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November 6, 2009

Transportation Governance and Controversies

In her news release on the day she made Comptroller General Cheryl Wenezenki-Yolland's Report on Review of Transportation Governance Models public, Transportation Minister Shirley Bond said: "This review is timely, as it's been six years since BC Ferries was restructured and two years since TransLink was reorganized." She neglected to say that the Campbell government is solely responsible for how BC Ferries and Translink are governed, and for the problems that have resulted from the legislative changes they imposed.

The Campbell government excluded BC Ferries from Freedom of Information. The Comptroller General recommended that BC Ferry Services and the BC Ferry Authority be made subject to the Freedom of Information and Protection of Privacy Act, something the NDP has been demanding since the Coastal Ferry Act restructured BC Ferries in 2003.

Immediate news coverage of the Comptroller General's report focused on executive salaries at BC Ferries, but a much more fundamental observation is that the government hasn't exercised its responsibility by setting clear expectations for BC Ferries. The report puts it this way:

"... short term decisions, focused on maximizing profit to the operator, could compromise the public service goals of the ferry system by not considering fully the interests of users of the ferry system, local communities and taxpayers."
"To ensure appropriate attention is placed on all intended objectives the province should clarify its expectations, communicate them publicly, and ensure they are incorporated clearly in the BC Ferries governance framework and corresponding legislation."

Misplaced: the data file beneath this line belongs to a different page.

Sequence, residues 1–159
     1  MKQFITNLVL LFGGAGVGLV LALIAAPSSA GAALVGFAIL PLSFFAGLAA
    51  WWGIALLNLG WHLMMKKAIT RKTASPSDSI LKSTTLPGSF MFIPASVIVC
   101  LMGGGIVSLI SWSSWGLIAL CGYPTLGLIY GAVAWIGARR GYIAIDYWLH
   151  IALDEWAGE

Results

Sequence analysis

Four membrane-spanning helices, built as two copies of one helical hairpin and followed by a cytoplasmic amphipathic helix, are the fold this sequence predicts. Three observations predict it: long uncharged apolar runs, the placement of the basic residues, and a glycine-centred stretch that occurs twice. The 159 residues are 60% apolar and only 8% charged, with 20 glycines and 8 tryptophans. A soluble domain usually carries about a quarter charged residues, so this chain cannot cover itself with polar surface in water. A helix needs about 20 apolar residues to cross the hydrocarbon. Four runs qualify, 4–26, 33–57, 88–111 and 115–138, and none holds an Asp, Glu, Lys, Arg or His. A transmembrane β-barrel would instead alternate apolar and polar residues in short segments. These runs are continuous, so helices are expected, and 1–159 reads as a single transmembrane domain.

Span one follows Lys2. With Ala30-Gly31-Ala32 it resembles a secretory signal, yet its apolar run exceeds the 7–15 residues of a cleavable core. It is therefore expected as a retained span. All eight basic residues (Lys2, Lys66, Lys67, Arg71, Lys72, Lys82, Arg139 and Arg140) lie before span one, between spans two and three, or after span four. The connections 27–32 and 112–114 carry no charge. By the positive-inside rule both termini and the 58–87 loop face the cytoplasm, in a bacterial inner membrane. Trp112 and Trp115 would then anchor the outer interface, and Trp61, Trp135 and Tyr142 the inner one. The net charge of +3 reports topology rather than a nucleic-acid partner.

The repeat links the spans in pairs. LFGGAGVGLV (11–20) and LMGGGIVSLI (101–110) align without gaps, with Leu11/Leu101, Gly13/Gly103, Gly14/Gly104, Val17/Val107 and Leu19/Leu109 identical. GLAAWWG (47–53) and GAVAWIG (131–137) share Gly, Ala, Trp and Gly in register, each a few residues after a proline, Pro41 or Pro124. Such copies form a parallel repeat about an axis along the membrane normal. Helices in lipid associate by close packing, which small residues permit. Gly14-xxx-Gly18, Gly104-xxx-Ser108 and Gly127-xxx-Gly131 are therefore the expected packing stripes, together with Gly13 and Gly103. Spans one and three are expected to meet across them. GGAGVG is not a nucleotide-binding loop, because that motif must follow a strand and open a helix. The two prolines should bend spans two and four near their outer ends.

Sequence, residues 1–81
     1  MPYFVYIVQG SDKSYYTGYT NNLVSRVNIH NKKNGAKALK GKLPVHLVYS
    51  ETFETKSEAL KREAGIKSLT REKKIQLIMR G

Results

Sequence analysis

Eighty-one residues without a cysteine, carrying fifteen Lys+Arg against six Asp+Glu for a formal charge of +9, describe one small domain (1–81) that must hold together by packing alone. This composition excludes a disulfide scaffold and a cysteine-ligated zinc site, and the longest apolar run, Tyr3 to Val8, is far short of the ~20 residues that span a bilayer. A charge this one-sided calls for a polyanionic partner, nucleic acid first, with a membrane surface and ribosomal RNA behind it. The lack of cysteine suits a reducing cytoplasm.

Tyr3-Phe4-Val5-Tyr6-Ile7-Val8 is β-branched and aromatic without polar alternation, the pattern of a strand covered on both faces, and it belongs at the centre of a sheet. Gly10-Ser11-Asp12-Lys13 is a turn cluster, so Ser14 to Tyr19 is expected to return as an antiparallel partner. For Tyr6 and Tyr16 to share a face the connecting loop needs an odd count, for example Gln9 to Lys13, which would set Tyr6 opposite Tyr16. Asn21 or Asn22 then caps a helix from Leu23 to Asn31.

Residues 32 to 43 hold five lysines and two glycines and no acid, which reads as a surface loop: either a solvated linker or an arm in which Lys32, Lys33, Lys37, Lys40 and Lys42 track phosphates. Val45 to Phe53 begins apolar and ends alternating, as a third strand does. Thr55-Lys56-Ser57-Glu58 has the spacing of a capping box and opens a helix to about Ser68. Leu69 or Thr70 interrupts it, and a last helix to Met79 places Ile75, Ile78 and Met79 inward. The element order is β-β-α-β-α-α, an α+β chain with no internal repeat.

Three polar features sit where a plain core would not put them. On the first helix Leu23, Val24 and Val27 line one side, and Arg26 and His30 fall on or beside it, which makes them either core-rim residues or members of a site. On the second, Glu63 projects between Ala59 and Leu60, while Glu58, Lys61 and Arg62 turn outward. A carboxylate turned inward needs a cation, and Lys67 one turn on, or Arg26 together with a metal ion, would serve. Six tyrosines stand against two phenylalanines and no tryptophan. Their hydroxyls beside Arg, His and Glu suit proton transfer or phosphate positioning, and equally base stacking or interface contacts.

If that doesn't make the government's neglect of the public interest clear enough, the Comptroller General goes on to say: "The Commission's role as defined in the Act and interpreted by the Commission is not broad enough to adequately protect the public service mandate of the ferry system." She noted that the guiding principles in the Act for the Commission (the regulator) don't even mention the customers!

TransLink, established in 1999, was restructured under the Greater Vancouver Transportation Authority Amendment Act in 2007 after then Transportation Minister Kevin Falcon expressed his discontent with the authority's reluctance to rubber stamp proposals for the RAV Line, later renamed the Canada Line. The restructuring put control of transportation in the hands of an unaccountable and never elected board. How ironic it is to hear the Comptroller-General recommend that "... the Mayors' Council/Transit Authority should be more fully given responsibility for Board appointments, setting Board remuneration and overseeing the Board, while not assuming management's role." She also recommends that the renamed Transit Authority be reduced in size to 11 or 12 members. Given the greater power a revamped Authority would have, there would likely be loud complaints from municipalities not represented in its decision making.

The report offers no suggestions on how to resolve the dilemma of taxation for transit without representation; nevertheless, it recommends that "existing revenue streams are maximized before exploring alternative sources of revenue". Furthermore, the report said the transit portion of property tax and utility charges collected from Vancouver property owners is $115 compared to between $131 and $446 in other Canadian cities on an average single family home. The report sets the stage for much more debate on how much to put on property taxes for transit, and it puts the responsibility for resolving that debate on the provincial government. Since successive provincial governments saddled the Lower Mainland with one of the most expensive rapid transit technologies, not everyone will agree that property taxation should be maxed out to pay for those decisions.

The government will find it difficult not to implement the Comptroller General's recommendations since they will be used to flog it on criticisms it has chosen to ignore, but local governments, transit users and property tax payers will also take their punishment if all of the report's recommendations are implemented.


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